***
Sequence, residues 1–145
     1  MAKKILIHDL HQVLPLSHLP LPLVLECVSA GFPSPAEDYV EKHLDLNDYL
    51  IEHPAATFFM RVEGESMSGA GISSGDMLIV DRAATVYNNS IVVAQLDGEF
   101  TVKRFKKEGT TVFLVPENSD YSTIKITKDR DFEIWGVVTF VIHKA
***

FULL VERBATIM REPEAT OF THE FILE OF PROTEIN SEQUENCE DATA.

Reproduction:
Sequence, residues 1–145
     1  MAKKILIHDL HQVLPLSHLP LPLVLECVSA GFPSPAEDYV EKHLDLNDYL
    51  IEHPAATFFM RVEGESMSGA GISSGDMLIV DRAATVYNNS IVVAQLDGEF
   101  TVKRFKKEGT TVFLVPENSD YSTIKITKDR DFEIWGVVTF VIHKA